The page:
Of course, as designer Akshay Tyagi points out on page 12, there isn’t one Halifax uniform. It varies from neighbourhood to neighbourhood, Saturday night downtown to Tuesday night at Charlie’s. But every city does wear a certain unspoken philosophy on its sleeve and skirt length. If you’re a fan of street style blog The Sartorialist (thesartorialist.blogspot.com), you can tell when Scott Schuman leaves New York for Milan, just by the cut of the men’s suits. When I travelled to Helsinki, I did not expect to see the psychedelic colours and bizarre combinations captured on their website, Hel Looks (hel-looks.com), outside of the clubs or galleries, but everywhere I turned, women and men of all ages were wearing some of the most adventurous outfits I’ve ever seen.
Halifax street style is not about trends, it’s how we collectively express ourselves. It’s also a matter of history (and the weather). There’s the undeniable creative influence of a downtown art school and a strong music scene. For years, a lack of designer shops meant trips to Toronto or Montreal, and so Haligonians learned how to mix labels with the local cheap stuff. Let’s face it, most of us aren’t exactly making Manolo wages, either. And we don’t have a major financial centre like Bay Street, so we’ve luckily avoided the suit-as-prison-uniform, too. But we’re still pretty conservative, even when our tattoos are showing. For the most part, it’s more casual Sunday brunch than power lunch.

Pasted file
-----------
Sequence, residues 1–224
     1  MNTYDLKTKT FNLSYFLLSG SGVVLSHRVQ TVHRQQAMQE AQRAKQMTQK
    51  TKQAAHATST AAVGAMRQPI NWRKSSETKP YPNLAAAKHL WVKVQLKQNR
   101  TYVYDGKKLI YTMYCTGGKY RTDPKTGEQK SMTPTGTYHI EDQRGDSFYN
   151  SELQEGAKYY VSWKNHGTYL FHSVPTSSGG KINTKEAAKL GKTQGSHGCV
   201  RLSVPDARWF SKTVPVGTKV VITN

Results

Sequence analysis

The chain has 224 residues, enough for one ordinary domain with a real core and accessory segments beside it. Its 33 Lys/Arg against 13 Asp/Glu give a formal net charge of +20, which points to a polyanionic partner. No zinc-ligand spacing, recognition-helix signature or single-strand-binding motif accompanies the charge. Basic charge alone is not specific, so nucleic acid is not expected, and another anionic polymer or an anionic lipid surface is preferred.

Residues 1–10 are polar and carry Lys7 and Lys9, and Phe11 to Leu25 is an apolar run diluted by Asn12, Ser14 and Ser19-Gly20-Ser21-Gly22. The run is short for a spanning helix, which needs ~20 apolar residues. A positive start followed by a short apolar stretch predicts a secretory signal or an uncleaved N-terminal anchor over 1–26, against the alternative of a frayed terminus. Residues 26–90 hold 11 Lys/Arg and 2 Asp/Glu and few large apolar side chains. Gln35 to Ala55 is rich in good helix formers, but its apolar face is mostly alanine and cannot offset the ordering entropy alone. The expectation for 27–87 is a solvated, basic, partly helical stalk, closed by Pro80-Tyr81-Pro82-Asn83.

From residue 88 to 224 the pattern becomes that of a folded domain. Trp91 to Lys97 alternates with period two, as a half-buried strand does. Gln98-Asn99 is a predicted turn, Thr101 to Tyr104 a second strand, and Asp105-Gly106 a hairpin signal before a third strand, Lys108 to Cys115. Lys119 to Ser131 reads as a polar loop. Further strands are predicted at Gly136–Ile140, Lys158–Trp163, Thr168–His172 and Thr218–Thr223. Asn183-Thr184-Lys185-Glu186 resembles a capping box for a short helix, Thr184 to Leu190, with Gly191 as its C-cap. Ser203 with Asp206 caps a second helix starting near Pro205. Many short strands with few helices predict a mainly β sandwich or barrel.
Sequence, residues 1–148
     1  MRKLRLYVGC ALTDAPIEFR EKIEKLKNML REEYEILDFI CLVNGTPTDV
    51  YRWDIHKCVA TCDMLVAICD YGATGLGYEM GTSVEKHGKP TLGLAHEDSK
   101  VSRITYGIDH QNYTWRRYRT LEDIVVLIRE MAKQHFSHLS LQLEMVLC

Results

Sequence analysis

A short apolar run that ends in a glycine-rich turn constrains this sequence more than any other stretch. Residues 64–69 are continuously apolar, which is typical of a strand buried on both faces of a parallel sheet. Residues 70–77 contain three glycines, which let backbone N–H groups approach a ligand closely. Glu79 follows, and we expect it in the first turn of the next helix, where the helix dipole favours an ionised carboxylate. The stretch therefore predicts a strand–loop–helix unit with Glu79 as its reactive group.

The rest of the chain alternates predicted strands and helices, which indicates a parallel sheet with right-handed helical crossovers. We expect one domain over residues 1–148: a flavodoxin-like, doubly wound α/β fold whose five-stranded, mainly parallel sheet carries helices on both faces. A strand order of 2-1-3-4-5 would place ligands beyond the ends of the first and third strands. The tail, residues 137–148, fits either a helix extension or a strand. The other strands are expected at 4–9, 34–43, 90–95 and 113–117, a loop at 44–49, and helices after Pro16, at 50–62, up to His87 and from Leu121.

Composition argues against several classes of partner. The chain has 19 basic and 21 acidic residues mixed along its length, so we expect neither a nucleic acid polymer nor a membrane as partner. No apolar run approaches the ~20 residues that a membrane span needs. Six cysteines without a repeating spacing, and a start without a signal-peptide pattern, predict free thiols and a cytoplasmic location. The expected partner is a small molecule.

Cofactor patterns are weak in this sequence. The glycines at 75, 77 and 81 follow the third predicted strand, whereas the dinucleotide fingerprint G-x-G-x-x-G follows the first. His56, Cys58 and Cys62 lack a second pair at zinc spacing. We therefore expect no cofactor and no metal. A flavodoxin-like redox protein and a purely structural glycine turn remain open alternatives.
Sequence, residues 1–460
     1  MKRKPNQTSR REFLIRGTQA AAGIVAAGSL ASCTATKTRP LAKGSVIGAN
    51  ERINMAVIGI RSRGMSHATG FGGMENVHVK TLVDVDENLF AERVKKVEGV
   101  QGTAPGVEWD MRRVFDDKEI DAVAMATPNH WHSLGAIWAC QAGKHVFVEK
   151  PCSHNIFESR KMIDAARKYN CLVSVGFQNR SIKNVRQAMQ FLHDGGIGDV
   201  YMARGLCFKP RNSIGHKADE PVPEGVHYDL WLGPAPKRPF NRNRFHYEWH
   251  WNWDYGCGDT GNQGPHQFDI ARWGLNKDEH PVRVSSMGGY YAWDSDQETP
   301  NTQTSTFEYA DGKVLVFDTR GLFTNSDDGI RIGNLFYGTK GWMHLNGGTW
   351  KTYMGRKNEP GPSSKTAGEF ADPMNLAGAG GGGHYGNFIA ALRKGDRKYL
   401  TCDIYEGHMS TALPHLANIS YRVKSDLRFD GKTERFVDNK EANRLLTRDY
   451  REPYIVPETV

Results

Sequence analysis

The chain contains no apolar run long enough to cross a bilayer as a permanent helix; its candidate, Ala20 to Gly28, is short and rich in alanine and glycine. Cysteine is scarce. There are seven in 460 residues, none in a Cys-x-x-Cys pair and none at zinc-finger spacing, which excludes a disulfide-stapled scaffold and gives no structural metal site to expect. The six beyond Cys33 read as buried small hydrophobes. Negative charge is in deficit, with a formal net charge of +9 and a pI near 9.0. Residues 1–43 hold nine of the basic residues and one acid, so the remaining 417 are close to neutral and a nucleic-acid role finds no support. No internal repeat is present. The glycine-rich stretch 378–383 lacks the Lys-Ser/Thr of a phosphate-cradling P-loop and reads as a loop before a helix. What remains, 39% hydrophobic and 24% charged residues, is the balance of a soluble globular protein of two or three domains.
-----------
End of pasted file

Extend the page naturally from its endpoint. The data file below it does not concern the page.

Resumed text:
Like the city, though, street style evolves. Slowly we’re giving up our layers of fleece and trackpants (though sadly they’ve been replaced with yoga pants as everyday wear). Haligonians are exploring more local designers and sustainable fabrics. Second-hand isn’t a big deal. Even guys are taking a baby-step of a risk with accessories like vests and hats. Hilary Beaumont’s new street-style blog, Bohemian Town (launching today at bohemiantown.wordpress.com), appropriately named after the lovely Helen Hill short film, really epitomizes what’s happening, capturing the city’s “an aesthetically pleasing approach to anti-style.”
We’re so excited by the momentum, and by what you’re wearing, that Street Style will be a regular feature.